British lawyer, sociologist and reformer
WRITTEN BYThe Editors of Encyclopaedia BritannicaEncyclopaedia Britannica’s editors oversee subject areas in which they have extensive knowledge, whether from years of experience gained by working on that content or via study for an advanced degree….See Article HistoryAlternative Title: Michael Young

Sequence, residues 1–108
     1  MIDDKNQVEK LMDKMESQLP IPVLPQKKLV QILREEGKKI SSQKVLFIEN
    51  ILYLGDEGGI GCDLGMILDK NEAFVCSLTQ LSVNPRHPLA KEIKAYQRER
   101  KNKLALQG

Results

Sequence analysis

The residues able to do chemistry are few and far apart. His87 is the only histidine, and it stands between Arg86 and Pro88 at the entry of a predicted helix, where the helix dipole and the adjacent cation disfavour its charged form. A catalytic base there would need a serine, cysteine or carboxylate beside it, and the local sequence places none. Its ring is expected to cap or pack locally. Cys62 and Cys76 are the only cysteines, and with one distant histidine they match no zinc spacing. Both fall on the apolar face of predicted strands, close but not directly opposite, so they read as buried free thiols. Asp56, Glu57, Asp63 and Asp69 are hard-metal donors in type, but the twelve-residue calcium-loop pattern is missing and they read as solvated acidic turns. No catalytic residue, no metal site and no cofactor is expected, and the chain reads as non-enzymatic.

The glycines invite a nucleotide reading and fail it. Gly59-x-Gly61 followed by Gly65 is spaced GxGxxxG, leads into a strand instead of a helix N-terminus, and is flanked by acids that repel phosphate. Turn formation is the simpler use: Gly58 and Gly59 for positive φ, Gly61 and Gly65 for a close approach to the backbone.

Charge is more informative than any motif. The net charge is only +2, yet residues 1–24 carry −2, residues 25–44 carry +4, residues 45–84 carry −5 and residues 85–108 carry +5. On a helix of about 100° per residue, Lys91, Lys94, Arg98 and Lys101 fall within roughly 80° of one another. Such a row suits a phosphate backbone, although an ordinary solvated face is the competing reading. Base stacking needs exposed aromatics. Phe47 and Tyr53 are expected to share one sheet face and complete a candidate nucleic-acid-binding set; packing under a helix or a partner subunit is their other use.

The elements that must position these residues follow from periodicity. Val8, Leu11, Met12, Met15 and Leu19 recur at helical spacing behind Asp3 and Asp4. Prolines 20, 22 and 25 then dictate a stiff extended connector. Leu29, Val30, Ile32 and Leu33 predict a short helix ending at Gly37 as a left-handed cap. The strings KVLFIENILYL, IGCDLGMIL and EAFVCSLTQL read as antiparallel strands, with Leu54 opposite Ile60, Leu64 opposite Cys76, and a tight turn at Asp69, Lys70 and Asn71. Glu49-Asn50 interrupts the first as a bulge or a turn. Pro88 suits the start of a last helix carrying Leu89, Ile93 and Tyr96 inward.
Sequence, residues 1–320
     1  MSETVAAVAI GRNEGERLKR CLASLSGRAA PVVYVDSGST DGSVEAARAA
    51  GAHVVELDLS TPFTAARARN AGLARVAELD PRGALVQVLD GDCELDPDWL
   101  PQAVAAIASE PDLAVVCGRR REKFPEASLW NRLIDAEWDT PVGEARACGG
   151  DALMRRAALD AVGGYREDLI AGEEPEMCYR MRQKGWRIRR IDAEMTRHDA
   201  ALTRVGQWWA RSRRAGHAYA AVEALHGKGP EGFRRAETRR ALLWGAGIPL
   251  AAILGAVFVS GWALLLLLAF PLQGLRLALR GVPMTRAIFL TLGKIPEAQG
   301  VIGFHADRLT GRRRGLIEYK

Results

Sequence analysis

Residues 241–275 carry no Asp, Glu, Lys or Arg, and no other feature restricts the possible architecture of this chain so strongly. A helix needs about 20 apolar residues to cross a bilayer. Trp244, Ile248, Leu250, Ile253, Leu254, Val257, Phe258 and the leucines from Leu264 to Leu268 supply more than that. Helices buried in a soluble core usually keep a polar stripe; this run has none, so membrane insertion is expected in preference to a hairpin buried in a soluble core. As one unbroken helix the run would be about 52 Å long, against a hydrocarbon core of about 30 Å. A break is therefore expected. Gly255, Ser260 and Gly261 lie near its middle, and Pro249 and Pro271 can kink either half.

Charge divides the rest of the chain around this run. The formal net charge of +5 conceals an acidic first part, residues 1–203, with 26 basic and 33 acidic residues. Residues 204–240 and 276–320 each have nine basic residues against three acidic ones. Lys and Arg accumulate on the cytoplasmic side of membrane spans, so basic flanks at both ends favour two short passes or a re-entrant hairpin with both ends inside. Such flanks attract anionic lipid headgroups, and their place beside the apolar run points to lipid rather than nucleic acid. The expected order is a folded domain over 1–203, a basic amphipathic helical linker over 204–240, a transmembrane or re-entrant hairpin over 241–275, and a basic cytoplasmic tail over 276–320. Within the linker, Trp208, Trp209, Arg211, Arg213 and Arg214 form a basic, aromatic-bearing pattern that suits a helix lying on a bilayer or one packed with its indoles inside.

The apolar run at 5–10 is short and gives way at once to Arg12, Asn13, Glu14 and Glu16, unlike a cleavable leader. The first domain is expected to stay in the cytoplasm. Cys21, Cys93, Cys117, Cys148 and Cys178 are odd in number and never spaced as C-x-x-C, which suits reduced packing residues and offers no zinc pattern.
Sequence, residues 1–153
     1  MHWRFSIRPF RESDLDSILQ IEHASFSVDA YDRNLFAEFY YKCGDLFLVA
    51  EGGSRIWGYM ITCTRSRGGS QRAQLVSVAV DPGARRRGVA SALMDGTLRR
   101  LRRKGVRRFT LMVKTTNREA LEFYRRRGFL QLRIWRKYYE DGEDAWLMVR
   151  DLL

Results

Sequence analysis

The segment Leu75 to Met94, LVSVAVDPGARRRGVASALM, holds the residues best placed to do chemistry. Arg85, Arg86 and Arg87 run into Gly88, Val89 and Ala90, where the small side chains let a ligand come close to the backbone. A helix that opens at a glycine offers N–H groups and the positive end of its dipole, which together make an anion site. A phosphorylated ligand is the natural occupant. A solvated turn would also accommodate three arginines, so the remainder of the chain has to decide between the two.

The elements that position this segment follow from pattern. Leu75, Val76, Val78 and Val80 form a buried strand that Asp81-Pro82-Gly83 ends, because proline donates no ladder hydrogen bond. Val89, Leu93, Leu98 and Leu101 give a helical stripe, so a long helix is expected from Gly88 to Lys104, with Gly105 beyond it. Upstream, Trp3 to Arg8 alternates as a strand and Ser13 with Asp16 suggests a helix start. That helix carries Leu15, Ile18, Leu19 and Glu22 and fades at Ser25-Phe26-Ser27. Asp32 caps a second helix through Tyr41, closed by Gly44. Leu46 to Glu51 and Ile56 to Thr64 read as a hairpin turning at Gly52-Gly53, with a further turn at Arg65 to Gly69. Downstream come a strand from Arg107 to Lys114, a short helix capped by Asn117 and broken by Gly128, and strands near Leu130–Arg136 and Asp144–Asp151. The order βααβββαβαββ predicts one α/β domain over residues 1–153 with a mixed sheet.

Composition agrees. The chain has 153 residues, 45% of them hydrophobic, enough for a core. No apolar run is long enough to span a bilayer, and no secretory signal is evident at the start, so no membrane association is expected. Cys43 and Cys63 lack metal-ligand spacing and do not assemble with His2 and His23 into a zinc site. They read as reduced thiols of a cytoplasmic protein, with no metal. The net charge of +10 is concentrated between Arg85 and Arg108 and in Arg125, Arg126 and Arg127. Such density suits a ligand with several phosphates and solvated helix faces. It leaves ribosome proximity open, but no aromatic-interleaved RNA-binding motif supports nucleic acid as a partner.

Michael Dunlop Young, Baron Young of Dartington, British lawyer, sociologist, and social reformer (born Aug. 9, 1915, Manchester, Eng.—died Jan. 14, 2002, London, Eng.), was best known for having written the Labour Party’s 1945 social-welfare manifesto and for having coined the pejorative term meritocracy (in his 1958 satire The Rise of the Meritocracy, 1870–2033) to denounce the political and economic elite that he alleged used their own academic test-based success as justification for their treatment of the economic underclass, who did not have access to equivalent education. Young also founded (1956) the Consumers’ Association, established the forerunner of the Open University (launched in 1964), and wrote influential sociological treatises, notably Family and Kinship in East London (1957; with Peter Willmott). He was created a baron in 1978.